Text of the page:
Albert Ko, an infectious disease physician and epidemiologist at the Yale School of Public Health, said he was worried about what Americans would face this winter, with more than 500 cases of covid-19 a day in the country. I mentioned that there have been deaths due to

“The low penetration of new boosters is a real and urgent concern, especially at a time when social distancing and face mask use are fading, as we rely on vaccination to protect our communities.”

Panel members reiterated questions among some experts and expressed concern about the lack of human data on shot efficacy, which the FDA relies heavily on mouse studies. Data used by the FDA to approve SCHOTT include data from previous experimental trials, including one that generated virus-fighting antibodies to BA.1, the first subvariant of SCHOTT since December 2020. A human study of bivalent shots was included.

Pablo J. Sanchez, a professor of pediatrics at Ohio State University, said he voted against it because he “really feels we need human data” on the new vaccine.

But Seattle and King County Health Officer Jeffrey Duchin said he was pleased with the animal data supporting the recalibrated boosters. We also mentioned that animal testing is routinely used to adjust for

CDC’s Oliver presented data showing how a September booster vaccination program could avoid significant deaths, hospitalizations, infections, and direct medical costs. Including variants in vaccines broadens antibody responses, he noted.

Previous interest in booster shots has proven lukewarm at best.

Experts said it could reflect people’s lack of correct information about vaccines, partisan differences and practical challenges. Nearly 6 in 10 people who have a boost but are not receiving a boost say they feel well protected. The survey found that 3 in 10 people say they are too busy and 15% are worried about losing their jobs. Democrats are more likely to be vaccinated and boosted than Republicans.

A CDC survey conducted in August at the University of Iowa suggests that more people want to be vaccinated. Oliver said 72% of his eligible respondents said he definitely or probably will get the latest booster against omicron.

Only half of booster-eligible Americans (about 108 million) receive the first recommended booster dose, and only about one-third of those over the age of 50 (about 22 million) receive a second booster. received. A CDC study shows that older adults, college graduates, and those on higher incomes are most likely to still be vaccinated and boosted.

who received a two-shot primary series of mRNA or Novavax vaccine, or Johnson & Johnson single-dose vaccines are covered regardless of whether you have had a booster dose.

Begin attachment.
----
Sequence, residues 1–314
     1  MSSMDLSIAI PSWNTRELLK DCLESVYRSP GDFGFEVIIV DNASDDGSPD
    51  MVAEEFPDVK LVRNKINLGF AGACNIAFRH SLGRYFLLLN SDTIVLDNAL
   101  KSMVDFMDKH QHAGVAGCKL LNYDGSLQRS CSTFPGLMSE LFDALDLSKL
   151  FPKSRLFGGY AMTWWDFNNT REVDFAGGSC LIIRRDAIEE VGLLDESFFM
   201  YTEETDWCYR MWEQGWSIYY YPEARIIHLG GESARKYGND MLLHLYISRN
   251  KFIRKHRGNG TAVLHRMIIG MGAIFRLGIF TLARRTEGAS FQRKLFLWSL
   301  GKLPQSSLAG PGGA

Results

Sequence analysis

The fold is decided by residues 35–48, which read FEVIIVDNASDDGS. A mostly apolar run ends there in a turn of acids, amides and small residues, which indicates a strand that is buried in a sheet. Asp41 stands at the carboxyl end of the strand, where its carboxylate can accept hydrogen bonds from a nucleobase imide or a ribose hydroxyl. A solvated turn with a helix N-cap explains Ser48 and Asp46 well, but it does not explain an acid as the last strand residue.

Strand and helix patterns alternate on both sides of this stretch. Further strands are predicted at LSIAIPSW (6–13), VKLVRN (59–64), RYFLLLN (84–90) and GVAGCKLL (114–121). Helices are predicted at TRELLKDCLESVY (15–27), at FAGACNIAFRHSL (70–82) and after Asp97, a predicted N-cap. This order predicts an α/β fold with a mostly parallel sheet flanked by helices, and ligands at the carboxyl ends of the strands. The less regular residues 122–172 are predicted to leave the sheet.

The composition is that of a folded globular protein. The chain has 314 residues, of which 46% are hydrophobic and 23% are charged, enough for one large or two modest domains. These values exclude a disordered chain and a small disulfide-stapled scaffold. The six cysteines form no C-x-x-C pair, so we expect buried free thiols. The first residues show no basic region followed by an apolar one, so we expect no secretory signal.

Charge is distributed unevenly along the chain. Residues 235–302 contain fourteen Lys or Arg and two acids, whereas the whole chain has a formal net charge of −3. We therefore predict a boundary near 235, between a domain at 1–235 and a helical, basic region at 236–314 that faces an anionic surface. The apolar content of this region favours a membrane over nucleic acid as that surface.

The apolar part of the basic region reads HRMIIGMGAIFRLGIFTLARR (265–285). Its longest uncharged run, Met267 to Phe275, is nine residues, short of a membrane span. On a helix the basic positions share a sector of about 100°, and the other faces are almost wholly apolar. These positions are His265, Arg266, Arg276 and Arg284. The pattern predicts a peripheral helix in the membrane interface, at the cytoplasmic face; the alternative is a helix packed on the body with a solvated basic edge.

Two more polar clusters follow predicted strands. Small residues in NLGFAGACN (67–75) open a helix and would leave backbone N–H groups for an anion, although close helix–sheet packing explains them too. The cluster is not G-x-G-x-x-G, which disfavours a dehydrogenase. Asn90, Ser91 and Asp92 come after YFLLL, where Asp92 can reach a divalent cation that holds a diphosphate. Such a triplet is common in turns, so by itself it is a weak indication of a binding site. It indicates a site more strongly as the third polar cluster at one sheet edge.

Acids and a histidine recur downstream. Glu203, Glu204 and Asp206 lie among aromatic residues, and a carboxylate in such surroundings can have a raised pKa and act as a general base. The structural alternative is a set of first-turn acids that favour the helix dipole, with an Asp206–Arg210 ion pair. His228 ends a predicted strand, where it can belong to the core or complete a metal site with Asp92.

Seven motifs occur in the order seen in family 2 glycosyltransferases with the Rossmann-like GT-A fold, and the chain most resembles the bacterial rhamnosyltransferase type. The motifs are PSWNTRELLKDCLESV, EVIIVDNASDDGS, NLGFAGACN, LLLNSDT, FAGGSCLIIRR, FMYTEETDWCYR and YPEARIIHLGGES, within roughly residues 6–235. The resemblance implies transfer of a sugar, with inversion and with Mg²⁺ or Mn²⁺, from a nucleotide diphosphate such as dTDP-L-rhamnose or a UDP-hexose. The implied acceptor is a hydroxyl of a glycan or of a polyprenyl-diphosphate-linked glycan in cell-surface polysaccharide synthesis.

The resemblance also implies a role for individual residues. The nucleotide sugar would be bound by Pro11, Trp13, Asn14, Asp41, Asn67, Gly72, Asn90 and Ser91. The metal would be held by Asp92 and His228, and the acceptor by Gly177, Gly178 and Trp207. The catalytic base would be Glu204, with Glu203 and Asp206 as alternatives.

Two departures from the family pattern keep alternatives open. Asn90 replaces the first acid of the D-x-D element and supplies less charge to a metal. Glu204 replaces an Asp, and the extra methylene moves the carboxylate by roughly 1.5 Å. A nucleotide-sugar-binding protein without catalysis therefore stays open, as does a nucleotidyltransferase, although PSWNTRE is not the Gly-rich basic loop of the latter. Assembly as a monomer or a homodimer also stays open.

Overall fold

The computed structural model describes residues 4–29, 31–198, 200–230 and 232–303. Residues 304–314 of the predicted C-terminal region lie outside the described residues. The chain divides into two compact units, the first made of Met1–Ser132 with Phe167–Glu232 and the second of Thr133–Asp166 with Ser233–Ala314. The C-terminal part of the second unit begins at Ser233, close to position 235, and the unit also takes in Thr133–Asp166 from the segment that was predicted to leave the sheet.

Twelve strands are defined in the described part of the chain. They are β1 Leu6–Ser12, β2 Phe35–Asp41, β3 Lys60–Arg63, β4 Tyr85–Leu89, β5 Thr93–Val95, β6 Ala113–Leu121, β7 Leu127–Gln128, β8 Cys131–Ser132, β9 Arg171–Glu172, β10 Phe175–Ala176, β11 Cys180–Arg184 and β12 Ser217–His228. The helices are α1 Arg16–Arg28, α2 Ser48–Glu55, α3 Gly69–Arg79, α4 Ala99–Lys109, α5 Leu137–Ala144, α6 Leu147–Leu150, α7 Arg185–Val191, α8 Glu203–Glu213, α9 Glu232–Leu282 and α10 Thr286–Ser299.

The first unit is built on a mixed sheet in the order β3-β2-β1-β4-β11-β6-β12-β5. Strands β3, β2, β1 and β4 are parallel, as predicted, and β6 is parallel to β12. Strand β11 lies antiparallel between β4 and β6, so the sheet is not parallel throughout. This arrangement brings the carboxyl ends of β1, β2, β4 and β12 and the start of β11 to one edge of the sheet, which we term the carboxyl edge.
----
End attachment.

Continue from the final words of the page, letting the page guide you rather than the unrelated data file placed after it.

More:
FDA officials expect pediatric data on the new booster to be available within the next two months, and may approve it for some children under the age of 12 later this year. I have.

What you need to know about covid booster shots updated for fall

Booster changes are already causing confusion. Some people who signed up to receive the original booster formulation will have to change their appointments to get the new version because the original formulation is no longer approved by the FDA to be used as a booster.

“The last thing we have to do is talk to people who have signed up [for the original booster] Michael Fraser, Chief Executive Officer of the Association of State and Territory Health Officials, said: “While we are seeing lagging demand across the country, this does not build trust among the public and health care providers who are asking health officials what to do now.”

The CDC recommends a coronavirus vaccination for everyone 6 months and older and a booster for everyone 5 years and older who qualifies.

CDC data at Thursday’s meeting showed adults who received the primary series and two boosters had a 14-fold lower risk of death from covid-19 than those who had not been vaccinated. Those who received the booster had a three times lower risk of death than those who received only one booster.

The original vaccine provides strong protection against serious illness and death in generally healthy people, especially if they received the first booster dose, so experts and authorities are questioning whether an updated booster is needed. Opinions are divided. Some experts say it’s not clear how much additional benefit the recalibrated boosters provide.

Only about 1.5 million doses are likely to be available initially, according to information provided to state health officials, so people should check with their local pharmacies and providers to get vaccinated before coming in. You’ll have to visit vacces.gov. Another 10 million doses are expected to be delivered next week.

Laurie McGinley contributed to this report.

Leave a Comment